Identity—biblical Hebrew informs modern Hebrew our students are studying Hebrew from the time they are in preschool what students do is they have a text which have Hebrew in one column and the English alongside in the other and a lot of commentary on the page to help unpack the text so they study in English but sometimes when their questions come up I’ll go back to the Hebrew and I’ll say ok I want you to look at this word we’ll explore a word or we’ll explore a concept one of the essential tenets of Judaism we use our traditional ancient texts as a way to understand our lives today and we’re constantly looking at how relevant they are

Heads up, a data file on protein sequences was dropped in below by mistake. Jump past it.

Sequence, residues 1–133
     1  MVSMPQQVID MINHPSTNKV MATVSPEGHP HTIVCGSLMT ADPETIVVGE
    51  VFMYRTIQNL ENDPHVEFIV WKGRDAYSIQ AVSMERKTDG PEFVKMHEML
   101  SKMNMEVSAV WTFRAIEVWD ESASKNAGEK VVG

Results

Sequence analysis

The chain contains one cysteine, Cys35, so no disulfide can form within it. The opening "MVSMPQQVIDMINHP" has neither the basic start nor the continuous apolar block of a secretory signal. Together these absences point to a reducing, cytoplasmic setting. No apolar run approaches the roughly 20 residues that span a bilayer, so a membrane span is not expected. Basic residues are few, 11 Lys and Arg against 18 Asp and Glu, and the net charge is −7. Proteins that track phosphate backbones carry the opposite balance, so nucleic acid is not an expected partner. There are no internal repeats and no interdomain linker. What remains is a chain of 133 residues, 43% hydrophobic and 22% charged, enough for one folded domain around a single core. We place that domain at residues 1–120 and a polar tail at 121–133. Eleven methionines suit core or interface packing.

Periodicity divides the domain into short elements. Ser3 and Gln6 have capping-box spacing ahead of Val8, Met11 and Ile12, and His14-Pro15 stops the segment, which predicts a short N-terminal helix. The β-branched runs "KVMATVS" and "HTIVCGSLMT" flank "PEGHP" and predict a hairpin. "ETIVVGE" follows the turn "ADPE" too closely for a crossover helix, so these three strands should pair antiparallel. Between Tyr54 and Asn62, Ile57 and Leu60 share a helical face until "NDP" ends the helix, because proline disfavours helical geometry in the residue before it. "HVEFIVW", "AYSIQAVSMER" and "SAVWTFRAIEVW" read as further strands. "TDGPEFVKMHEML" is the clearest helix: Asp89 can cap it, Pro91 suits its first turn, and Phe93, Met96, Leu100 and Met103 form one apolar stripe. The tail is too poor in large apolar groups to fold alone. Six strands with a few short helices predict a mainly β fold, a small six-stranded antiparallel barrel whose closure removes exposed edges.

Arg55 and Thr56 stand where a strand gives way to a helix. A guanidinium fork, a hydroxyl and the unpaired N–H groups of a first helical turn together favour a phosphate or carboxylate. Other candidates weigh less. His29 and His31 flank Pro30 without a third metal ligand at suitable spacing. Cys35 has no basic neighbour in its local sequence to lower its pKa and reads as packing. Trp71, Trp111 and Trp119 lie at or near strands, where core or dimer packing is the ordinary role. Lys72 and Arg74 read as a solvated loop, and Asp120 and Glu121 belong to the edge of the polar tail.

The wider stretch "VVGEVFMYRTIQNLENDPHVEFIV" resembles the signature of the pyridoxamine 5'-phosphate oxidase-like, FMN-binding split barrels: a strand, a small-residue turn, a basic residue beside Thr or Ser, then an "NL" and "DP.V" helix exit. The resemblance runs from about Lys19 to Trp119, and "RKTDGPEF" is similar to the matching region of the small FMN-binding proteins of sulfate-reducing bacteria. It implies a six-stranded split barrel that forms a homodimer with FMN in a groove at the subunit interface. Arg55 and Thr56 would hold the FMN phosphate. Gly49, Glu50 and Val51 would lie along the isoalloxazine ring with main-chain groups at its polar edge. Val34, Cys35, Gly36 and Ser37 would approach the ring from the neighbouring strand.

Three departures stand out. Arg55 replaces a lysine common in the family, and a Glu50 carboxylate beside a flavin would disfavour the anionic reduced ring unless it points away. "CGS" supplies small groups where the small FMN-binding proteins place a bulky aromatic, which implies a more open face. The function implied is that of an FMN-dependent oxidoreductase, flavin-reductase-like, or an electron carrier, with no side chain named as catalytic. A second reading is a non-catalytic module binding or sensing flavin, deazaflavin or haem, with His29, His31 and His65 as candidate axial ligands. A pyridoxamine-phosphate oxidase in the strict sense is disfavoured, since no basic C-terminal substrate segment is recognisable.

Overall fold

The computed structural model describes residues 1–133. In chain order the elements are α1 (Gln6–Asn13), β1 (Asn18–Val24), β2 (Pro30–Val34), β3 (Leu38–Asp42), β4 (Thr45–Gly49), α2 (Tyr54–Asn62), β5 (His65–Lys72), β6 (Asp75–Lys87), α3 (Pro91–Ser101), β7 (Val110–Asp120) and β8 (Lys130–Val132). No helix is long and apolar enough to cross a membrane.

We’re the people of the book and in the conservative movement one of the monikers is “tradition and change” so we do evolve but we evolve by looking back we cannot cut off our roots it’s like a tree you can pull the fruit from the tree you can cut the flowers from the tree but if you cut the trunk of the tree you will no longer get any fruit or flowers and you might actually kill the tree Judaism believes that there is so much richness 40 boxes of books and those books are places I go all the time we go back to learn something to bring it forward, we teach we’re always evoking Maimonides Rashi Ramban we’re also evoking current heschel we’re looking to current teachings as well as ancient teachings they all inform our lives today whether it’s a relationship I have with somebody because they are preparing for their bar or bat mitzvah or somebody approaching retirement or somebody who is dealing with illness or someone who is getting married we always go back to those texts and we continue to bring them forward but not without recognizing that sometimes those ancient texts need to be adjusted because of the changes you’ve suggested, so there’s the tradition part and the change part we need to be aware and awake in today’s world we need to evolve the tradition so that it’s still relevant